Type 1 diabetes mellitus is triggered by autoimmune destruction of mature pancreatic beta-cells however growing evidence indicates that factors involved in beta-cell growth, proliferation and stress response modulate the onset, progression, and magnitude of beta-cell destruction through mechanisms that are not fully understood. Recent studies in our group and others have uncovered a central role of the endogenous circadian transcription network in beta-cell function, proliferation, and in inflammation, pointing towards a novel pathway in the regulation of islet survival and insulin production (Science, 2009, Nature, 2010 and 2012). At the molecular level, the clock is encoded by a set of transcriptional activators (CLOCK/BMAL1) that induce the expression of repressors (CRY/PER) that feedback to inhibit their activity forming a transcription-translation feedback loop that oscillates with a 24-hour periodicity in both hypothalamic pacemaker cells and peripheral beta-cells. Clocks synchronize cell cycle and replication with the 24-hour light-dark cycle and mounting evidence indicates that they play a role in tissue regeneration and proliferation, while we have shown that clock disruption isolated to the beta-cell causes hypoinsulinemia and diabetes mellitus. The overarching aims of this 1 year innovation application seek to establish a genomic understanding of the circadian gene regulatory network within the beta-cell of human islets through the dual analysis of CLOCK/BMAL1 genome occupancy by chromatin immunoprecipitation and by RNA sequencing.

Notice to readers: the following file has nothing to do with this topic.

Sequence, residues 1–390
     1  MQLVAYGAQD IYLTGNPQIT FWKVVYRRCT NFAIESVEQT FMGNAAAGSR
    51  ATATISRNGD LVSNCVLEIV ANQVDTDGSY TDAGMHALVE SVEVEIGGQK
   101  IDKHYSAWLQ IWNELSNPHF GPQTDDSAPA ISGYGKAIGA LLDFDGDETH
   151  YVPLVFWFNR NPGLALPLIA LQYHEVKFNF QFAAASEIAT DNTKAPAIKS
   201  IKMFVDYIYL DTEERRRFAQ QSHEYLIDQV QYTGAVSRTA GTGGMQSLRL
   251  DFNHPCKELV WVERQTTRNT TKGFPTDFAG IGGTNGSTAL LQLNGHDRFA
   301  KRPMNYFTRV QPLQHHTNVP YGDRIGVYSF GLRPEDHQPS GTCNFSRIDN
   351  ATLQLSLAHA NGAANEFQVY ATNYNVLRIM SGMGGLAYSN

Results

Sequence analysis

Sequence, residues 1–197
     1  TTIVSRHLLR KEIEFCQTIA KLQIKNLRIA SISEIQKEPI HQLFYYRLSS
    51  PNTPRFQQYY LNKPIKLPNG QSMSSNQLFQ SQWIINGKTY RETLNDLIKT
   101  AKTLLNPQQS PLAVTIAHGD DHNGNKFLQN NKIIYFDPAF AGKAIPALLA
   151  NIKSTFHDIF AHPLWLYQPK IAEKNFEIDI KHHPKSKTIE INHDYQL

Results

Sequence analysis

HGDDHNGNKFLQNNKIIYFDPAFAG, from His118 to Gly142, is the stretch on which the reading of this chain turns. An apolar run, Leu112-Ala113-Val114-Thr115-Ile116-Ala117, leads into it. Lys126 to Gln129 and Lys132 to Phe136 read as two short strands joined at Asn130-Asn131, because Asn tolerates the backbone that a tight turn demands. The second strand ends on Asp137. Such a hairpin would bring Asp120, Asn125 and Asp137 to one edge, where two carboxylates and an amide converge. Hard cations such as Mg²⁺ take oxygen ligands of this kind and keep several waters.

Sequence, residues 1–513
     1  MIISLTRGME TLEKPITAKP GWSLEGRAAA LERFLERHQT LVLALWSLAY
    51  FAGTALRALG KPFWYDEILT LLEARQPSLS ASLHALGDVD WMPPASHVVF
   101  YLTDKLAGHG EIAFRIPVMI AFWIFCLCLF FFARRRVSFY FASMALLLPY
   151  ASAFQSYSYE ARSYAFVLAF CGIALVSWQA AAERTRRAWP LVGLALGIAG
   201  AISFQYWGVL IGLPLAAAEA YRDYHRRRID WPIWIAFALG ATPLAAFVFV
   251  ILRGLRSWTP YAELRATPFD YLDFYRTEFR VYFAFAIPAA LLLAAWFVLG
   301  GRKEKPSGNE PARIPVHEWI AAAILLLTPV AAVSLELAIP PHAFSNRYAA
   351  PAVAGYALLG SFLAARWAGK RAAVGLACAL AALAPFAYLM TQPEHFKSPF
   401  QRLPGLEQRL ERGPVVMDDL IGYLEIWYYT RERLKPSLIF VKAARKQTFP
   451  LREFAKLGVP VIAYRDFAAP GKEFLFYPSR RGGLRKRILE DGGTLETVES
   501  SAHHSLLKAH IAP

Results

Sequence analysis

|Effective start/end date||3/1/15 → 2/29/16|
- JDRF International (1-INO-2015-23-A-V)
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